Remember Sara Manisera? She’s a freelance journalist from Abbiategrasso, a small town outside Milan, and a founder of a freelancers' collective called FADA. “On June 8, 2022, I was in Cutro, Calabria, to collect an award,” she tells The Lead. “At the ceremony, I said that I saw the mafia infiltrate my own hometown’s construction sector, to point out that the best defence strategy is to protect the environment.”
“The context here was how mafia organisations in Italy use the construction of shopping malls, highways, and other infrastructure, as a tool for money laundering. I was making the comment to stress that mafias are not present only in Southern Italy - as per the stereotypes - but also in the North, including my hometown,” she explains. Three months later, the municipality of Abbiategrasso - ruled by a civic coalition of Meloni’s and Salvini’s parties - approved a resolution to proceed with a defamation lawsuit against Manisera.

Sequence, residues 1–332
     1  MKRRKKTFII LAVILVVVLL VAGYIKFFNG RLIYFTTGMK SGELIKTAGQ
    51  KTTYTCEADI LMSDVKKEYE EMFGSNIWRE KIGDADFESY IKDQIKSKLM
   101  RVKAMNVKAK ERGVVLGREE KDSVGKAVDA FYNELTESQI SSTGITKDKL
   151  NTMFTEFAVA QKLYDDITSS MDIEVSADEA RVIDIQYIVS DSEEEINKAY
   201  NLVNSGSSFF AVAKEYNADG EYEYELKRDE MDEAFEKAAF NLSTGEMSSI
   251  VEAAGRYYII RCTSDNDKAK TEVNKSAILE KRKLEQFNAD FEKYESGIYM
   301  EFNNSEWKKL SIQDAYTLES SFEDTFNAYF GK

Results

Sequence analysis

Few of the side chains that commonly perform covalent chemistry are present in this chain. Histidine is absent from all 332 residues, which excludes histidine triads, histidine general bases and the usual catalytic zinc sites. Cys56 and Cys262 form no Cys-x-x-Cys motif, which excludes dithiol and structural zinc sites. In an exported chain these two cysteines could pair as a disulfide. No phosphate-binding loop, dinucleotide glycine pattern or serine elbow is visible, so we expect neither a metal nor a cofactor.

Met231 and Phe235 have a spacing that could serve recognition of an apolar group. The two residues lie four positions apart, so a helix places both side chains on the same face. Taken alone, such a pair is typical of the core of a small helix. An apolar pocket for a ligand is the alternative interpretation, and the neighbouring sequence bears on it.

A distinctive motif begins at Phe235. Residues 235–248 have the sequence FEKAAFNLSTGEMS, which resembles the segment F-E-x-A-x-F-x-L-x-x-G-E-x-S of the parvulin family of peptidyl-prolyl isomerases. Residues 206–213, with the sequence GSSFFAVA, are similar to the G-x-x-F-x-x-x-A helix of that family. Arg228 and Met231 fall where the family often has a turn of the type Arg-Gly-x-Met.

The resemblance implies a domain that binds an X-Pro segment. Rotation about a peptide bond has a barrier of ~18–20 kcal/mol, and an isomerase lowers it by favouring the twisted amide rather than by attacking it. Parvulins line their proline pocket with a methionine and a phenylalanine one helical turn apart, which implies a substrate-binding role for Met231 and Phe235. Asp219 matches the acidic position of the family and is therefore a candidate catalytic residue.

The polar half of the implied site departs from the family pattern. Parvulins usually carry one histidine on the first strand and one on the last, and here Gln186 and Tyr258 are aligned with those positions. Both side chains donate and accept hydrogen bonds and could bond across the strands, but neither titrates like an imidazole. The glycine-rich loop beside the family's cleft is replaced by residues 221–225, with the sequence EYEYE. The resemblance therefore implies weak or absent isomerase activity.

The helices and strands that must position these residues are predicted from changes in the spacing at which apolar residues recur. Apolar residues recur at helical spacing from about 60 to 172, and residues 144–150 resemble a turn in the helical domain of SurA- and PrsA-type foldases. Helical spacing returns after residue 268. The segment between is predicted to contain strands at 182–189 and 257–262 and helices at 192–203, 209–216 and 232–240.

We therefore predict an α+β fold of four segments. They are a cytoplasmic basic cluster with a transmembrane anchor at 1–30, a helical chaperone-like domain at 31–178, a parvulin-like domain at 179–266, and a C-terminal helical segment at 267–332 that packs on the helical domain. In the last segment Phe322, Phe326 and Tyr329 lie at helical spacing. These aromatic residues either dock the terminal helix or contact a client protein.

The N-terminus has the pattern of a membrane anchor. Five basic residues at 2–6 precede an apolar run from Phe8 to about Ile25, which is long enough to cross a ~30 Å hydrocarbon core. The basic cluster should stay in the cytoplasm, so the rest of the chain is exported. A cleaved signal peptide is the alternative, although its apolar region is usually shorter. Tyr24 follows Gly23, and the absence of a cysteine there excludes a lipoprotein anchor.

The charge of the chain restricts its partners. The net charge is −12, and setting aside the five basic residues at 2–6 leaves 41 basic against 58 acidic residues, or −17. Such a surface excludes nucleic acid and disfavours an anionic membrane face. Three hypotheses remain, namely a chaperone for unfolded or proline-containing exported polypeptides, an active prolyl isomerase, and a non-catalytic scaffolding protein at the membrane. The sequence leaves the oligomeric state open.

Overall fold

The municipality has never paused to ask Manisera for clarification or correction. She is keen to stress that she did not refer to any specific official in the municipality, or a municipal institution, or even a specific time period. She is being sued, according to the municipality, because she “muddied” the honour of the citizens of Abbiategrasso. The case is ongoing, but at a snail’s pace. She doesn’t even know how much the town is suing her for.